The University of Michigan-Shanghai Jiao Tong University Joint Institute (UM-SJTU JI, JI hereafter) Assistant Professor Yulian He and her collaborators have published a review article titled “Emerging Dual-Functional 2D transition metal oxides for carbon capture and utilization: A review” in Fuel, a top chemical energy journal of Netherlands-based Elsevier publishing company.

The published article reviews the advanced 2D transition metal oxides, including their physic/chemical properties, preparation methods, and application examples for carbon capture and utilization. And the review presents the 2D transition metal oxides as an emerging class dual-functional material that own potential high-performance for integrated carbon capture and utilization (ICCU) technology. Yulian He is the corresponding author of this paper. JI postdoctoral researcher Liuqingqing Yang is the lead author. Other authors include Ph.D. candidate Jake Heinlein from Yale University, Assistant Professor Cheng Hua from Antai College of Economics and Management, SJTU, Associate Professor Ruixia Gao from Xi’an Jiao Tong University, Assistant Professor Shu Hu and Professor Lisa Pfefferle from Yale University.

Figure 1. Conventional carbon capture and utilization technology vs. advanced ICCU technology

Carbon dioxide (CO2) is a globally recognized greenhouse gas. Since the Industrial Revolution, a large amount of fossil fuel combustion has led to the continuous increase in the concentration of CO2 in the atmosphere, which has caused a series of climate problems, such as the global warming effect and frequent extreme weather. Therefore, it is urgent to develop an economical and green CO2 capture and utilization (CCU) technology. However, the conventional CCU technology requires compression and purification of captured CO2 (which presents 30% of total energy consumption). Besides, the captured CO2 requires further transportation to the sites for its utilization. Therefore, the processes for the conventional CCU technology are rather complex, leading to poor economic benefits. More recently, ICCU technology has attracted much attention. Compared with the conventional CCU, ICCU technology can realize two catalytic processes of carbon capture and carbon utilization over the same catalyst and use the same operating conditions during the entire process. As a result, there is a significant cost decrease due to the elimination of carbon compression and transportation (see Figure 1). In addition, the CO2 desorption step with high energy consumption in the conventional CCU technology can be replaced by the desorption of the catalytic reaction for further carbon utilization in ICCU, thereby reducing the energy consumption for regeneration of the adsorption site.

Yulian’s team noticed that in the entire ICCU technology, the rational design of dual-functional materials (DFMs) for both carbon capture and utilization is crucial to the final catalytic performance. The team proposes the idea of using the emerging 2D transition metal oxides for the first time as a class of advanced DFMs for ICCU technology. Additionally, based on the existing literature, neither adsorption nor conversion of CO2 over 2D transition metal oxides requires very high operating temperatures. In this case, CO2 capture and in-situ catalytic conversion have been operated simultaneously using the same operating conditions, thereby leading to a significant decrease in energy consumption and cost. Moreover, most of 2D transition metal oxides present high photocalatyic/electrocatalytic properties. For ICCU technology, the combination of photo/electrocatalysis is also one of the important research directions. Last but not least, through diversified chemical modification via surface hydroxyl functional groups, 2D transition metal oxides can be further adjusted for improving the CO2 adsorption selectivity and catalytic conversion performance. Overall, this review summarized the physic/chemical properties, preparation methods, and application examples of 2D transition metal oxides in carbon capture and utilization, showing the perspective of their potential in ICCU technology.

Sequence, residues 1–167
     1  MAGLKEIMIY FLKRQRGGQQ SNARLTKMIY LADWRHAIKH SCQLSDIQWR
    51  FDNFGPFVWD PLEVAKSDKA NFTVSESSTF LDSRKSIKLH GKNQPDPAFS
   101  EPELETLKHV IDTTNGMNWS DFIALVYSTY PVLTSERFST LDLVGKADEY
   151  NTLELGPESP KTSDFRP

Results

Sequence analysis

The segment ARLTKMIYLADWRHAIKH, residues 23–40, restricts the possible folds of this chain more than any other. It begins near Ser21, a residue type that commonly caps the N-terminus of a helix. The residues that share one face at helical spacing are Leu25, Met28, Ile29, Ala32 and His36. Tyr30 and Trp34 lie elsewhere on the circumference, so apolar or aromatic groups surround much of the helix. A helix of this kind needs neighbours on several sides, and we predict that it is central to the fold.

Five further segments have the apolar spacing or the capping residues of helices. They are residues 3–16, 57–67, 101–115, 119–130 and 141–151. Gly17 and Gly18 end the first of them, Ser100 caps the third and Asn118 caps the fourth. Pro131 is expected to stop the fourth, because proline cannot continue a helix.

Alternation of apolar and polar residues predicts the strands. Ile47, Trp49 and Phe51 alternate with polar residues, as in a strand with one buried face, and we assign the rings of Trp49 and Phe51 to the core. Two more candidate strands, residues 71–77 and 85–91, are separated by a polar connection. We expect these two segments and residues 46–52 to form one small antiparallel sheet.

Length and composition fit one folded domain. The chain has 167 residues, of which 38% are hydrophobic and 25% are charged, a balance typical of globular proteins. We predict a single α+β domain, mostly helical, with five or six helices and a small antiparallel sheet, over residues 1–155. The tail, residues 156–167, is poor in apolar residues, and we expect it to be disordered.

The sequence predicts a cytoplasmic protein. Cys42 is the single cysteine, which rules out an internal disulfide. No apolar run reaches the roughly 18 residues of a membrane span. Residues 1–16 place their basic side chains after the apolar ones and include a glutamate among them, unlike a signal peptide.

Personal Profile


Yulian He is an Assistant Professor of the UM-SJTU Joint Institute, and an Assistant Professor (by courtesy) of the School of Chemistry and Chemical Engineering, SJTU. She received her B.S. degree in Chemistry from Nankai University in 2016, and Ph.D. degree in Chemical & Environmental Engineering from Yale University in 2020.  She worked as a postdoctoral fellow at SUNCAT Research Center, School of Chemical Engineering, Stanford University from 2020-2021,before joining the UM-SJTU Joint Institute and receiving an award of Shanghai Leading Talent (Overseas) in 2021. In 2022, Dr. He won funding from Shanghai “Rising Star” Sailing Program. She also presides over a number of research projects entrusted by famous companies such as CATL. Her research interests include the development of advanced heterogeneous catalysts for low-carbon and clean energy conversion technologies. In particular, her work focuses on C1 chemistry, rational design and synthesis of catalysts, research of structure-activity relationship and reaction mechanism, thermal catalysis, photothermal catalysis, and data-driven energy material design, etc..